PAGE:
Idle, Basic (3-5sec long) due at the start of Class 2. This accounts for 15% of your final mark

Write a short description of your character, 2 paragraphs long. In the first paragraph,  Tell who they are, what kind of person they are and what motivates them. In the second paragraph describe how they move and behave. focus on using active adjectives that are clear and concise. This character description will be the starting guide for all of your animation in GAD AFG414.

Example: "Jimbo" Character Description

"Jimbo" is a girthy angry woman who is slightly unhinged. She has a bum leg on her left side that drags a bit when she moves. This makes her even more furious. Her eyes don't quite align and she is always looking for a new target for her ire. She really likes to poke people, stabbing them with her meaty fingers and scowling the whole time.

I sum her up as:  Pokey, Limping, and Furious 

Get a rig (Morpheus, Norman, your own creation, or any other stable humanoid rig.) and open it in Maya. Using the character description and the principles of good posing (silhouette, line of action, balance etc.) create a base pose for your character. All animations will lead out of and back in to this pose, so choose wisely. Try to pick a pose that looks ready for action because for playable characters, your base pose serves as your anticipation. Use the pose and compare method to create the best possible pose you can.

Once you've created your base pose, start to animate a basic breathing milling cycle 3-5 sec long. Look for places to put "figure 8" shapes in your movements of the hips. Try to build asymmetry in the posing. Remember to exaggerate the movement.

Idle, Extended (8-10 sec long)  due at the start of Class 3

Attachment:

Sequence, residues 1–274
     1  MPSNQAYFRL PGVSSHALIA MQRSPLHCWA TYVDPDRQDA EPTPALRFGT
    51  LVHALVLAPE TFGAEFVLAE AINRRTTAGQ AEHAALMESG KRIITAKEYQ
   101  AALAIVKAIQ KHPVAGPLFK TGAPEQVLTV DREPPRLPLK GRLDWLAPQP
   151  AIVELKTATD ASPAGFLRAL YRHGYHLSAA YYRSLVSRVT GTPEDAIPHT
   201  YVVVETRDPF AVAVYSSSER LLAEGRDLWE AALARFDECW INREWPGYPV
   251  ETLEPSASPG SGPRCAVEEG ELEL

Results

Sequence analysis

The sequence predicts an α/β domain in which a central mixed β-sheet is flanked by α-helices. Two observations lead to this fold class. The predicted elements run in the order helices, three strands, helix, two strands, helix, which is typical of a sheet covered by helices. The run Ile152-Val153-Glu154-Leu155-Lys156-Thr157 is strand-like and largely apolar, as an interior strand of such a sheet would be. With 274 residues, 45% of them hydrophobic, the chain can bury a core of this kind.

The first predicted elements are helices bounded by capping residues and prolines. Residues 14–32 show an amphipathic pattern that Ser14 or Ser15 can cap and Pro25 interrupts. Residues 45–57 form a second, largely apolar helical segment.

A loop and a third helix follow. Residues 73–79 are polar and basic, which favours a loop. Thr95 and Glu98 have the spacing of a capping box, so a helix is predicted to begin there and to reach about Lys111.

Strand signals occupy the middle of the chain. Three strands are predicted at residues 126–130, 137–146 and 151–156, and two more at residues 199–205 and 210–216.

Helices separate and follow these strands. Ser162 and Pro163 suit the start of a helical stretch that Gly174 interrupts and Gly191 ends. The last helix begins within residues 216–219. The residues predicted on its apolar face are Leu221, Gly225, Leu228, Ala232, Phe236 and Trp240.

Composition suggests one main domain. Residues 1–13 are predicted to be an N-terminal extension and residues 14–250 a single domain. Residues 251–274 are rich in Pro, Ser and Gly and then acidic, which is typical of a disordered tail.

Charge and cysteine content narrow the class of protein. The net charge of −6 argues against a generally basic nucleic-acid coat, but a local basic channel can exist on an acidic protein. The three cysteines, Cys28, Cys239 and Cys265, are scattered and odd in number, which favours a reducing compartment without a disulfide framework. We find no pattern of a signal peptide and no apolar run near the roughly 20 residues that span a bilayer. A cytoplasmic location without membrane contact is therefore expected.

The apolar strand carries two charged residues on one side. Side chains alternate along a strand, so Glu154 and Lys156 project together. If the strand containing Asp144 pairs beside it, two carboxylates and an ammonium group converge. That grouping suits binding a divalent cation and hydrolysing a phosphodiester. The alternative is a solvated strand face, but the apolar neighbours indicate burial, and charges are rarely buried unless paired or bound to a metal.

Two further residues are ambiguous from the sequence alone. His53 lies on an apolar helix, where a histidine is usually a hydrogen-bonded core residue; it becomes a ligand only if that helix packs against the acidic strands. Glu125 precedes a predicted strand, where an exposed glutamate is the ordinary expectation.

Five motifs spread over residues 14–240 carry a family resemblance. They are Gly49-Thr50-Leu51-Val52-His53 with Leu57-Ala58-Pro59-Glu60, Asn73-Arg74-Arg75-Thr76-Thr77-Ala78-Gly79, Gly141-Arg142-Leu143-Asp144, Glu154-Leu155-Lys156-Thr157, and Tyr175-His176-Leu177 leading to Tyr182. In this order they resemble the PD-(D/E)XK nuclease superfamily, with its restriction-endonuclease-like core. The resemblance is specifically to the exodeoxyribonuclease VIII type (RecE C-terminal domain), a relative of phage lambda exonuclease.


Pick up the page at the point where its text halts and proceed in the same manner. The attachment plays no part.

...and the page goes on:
Now that you have your basic breathing milling cycle, we're going to add a couple of character gestures. These are basically little moments of acting that help to show who your character is. Maybe they stretch and yawn in boredom. Perhaps they look around, fearful and paranoid. For your character, shuffling their feet might be a natural bit of behavior. Use your character description as a guide and come up with two bits of action that break out of, and merge back into, your basic Idle. Gather reference, either filming yourself or going online for video, to help guide you with posing and timing. Your Extended Idle must be a loop, so make sure your first and last pose are the same. Remember your 12 principles and have fun with this.

A few tips:

Don't keep your feet locked in one place the entire time. Small steps and shuffles can add a lot of life to a character. As long as you get them back to the start position by the end, everything will loop nicely.

The character "gestures" are simple bits of acting that help reveal who your character is. They should be no longer than 4-5 sec each. A brief look around,  a shuffling step, a stretch and yawn, or a threatening gesture are all examples of quick little character gestures.

Watch your character balance in your posing. Use the tightrope and the plumb line trick to help assess this.

It's much easier to go broad with your movement and then soften it, than it is to take something small and subtle and make it bigger. Exaggerate!